Shortly before Thanksgiving, the Federal Communications Commission (FCC) released a joint memo from its Office of Economics and Analytics (OEA) and Office of General Counsel (OGC) titled “Legal Framework and Considerations for Regulatory Impact Analysis.” The memo marks a significant milestone in the FCC’s ongoing initiative to encourage objective economic analysis and ensure that decision-makers have access to that analysis.
The biggest step, of course, was the creation of OEA, which commenced operations in late 2018. Prior to the creation of this office, the FCC’s economists were spread among its various policymaking bureaus (such as Wireless, Wireline Competition, etc.) and usually managed by attorneys. Creation of OEA brought most of the FCC’s economists into a single organization where they are managed by other economists. The internal working group of career FCC employees that designed the office, however, recommended that numerous informal practices and procedures be established to ensure that the organizational change would actually transform the conduct and role of economic analysis. One key recommendation was that OEA and OGC develop an internal guidance memo that outlines how economic analysis is to be incorporated into the commission’s work. The OEA-OGC memo implements that recommendation.
The memo explains why the FCC should incorporate economic analysis into its decisions, outlines the major elements an economic analysis should include, and specifies procedures to integrate economics into rule development. Consider each in turn.
The memo notes that no statute requires the FCC to conduct benefit-cost analysis of rules. However, the FCC’s rules establishing OEA specify that OEA must review each rulemaking to ensure that any economic impacts are adequately assessed, conduct a rigorous benefit-cost analysis of any rule with an annual economic impact greater than or equal to $100 million, and review any other item with economic or data implications that goes before the commission. The memo also notes several statutes that require the FCC to consider the effects of certain decisions on competition and notes that Michigan v. EPA will likely increase judicial expectations that the FCC will consider economic issues when it issues regulations. Finally, it cites examples of cases where the quality of the FCC’s economic analysis helped determine whether regulations survived legal challenge under the Administrative Procedure Act’s “arbitrary and capricious” standard.
The memo offers six pages of guidance on the elements an economic analysis should include. The list includes an assessment of the need for regulation, development of alternatives, and assessment of the benefits and costs of alternatives. The description extensively cites the principles of regulation articulated in Executive Order 12866 and OMB Circular A-4. The memo’s title and text even use the term regulatory impact analysis—the term of art that describes the analysis conducted by agencies subject to Executive Order 12866—to describe the economic analysis that is expected to inform commission decisions. (As one might expect, though, the memo also notes that as an independent agency, the FCC is not subject to the executive order.)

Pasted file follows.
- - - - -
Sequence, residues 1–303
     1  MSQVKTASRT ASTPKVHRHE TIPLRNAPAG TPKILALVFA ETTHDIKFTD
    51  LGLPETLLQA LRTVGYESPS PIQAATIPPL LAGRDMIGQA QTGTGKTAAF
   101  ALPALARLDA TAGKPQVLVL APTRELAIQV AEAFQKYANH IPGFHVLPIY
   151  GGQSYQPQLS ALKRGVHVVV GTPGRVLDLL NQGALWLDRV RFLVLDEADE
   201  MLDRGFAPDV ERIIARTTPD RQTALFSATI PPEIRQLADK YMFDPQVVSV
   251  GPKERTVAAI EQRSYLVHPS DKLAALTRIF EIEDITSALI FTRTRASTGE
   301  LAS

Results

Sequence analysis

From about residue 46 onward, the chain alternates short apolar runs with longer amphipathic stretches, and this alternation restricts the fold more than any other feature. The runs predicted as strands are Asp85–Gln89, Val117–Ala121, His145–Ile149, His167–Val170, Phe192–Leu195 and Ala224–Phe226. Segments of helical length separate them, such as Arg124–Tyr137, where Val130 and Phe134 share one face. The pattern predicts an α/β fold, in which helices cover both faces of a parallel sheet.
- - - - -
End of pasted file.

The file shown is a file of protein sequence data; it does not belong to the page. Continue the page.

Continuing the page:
A final section lays out procedures intended to integrate economic analysis into the FCC’s rulemaking and other work. Some of these include:
- Regulatory impact analysis should be included with a notice of proposed rulemaking, and the final report and order should discuss any comments received on the economic analysis.
- If the proceeding begins with a notice of inquiry, that notice should outline and seek comment on the approach the regulatory impact analysis could take.
- Economists should work with program staff from the earliest stages of a proceeding to frame key questions and evaluate options.
- OEA will dedicate a “practice group leader” and a manager to coordinate the supply of analysis to each policymaking bureau.
- OEA will inform the bureau or office in charge of a matter as early as possible about the extent of economic content and analysis that is likely to be required.
- Economists will be involved in review of comments to ensure that economic issues raised by commenters are adequately addressed in the final report and order.
- Rulemakings and other matters that may have significant economic impacts cannot be circulated to the commission until OEA has signed off on the draft. OEA can provide the chairman’s office and commissioners’ offices with a nonpublic memo discussing any concerns it has with the treatment of economic issues in the draft.
The memo did not commit to any substantive standard for adopting regulations, such as maximizing net benefits or ensuring that benefits justify costs. Rather, it focuses on ensuring that economists have the flexibility to offer frank assessments of the likely economic impacts of alternatives, and that the ultimate decision-makers receive that advice.
Readers who follow other independent agencies will recognize some common themes here. The FCC memo is similar to the 2012 economic analysis guidance memo published by the Securities and Exchange Commission’s Office of General Counsel and Division of Risk, Strategy and Financial Innovation (the name of the office where SEC economists were located at the time). Like the FCC, the SEC used the principles in Executive Order 12866 and Circular A-4 to develop a set of best analytical practices, without claiming to be subject to the executive order.
The SEC memo and related changes were followed by significant improvement in the quality of SEC analysis of regulations. The FCC seems likely to follow suit.
Jerry Ellig is a research professor at The George Washington University Regulatory Studies Center.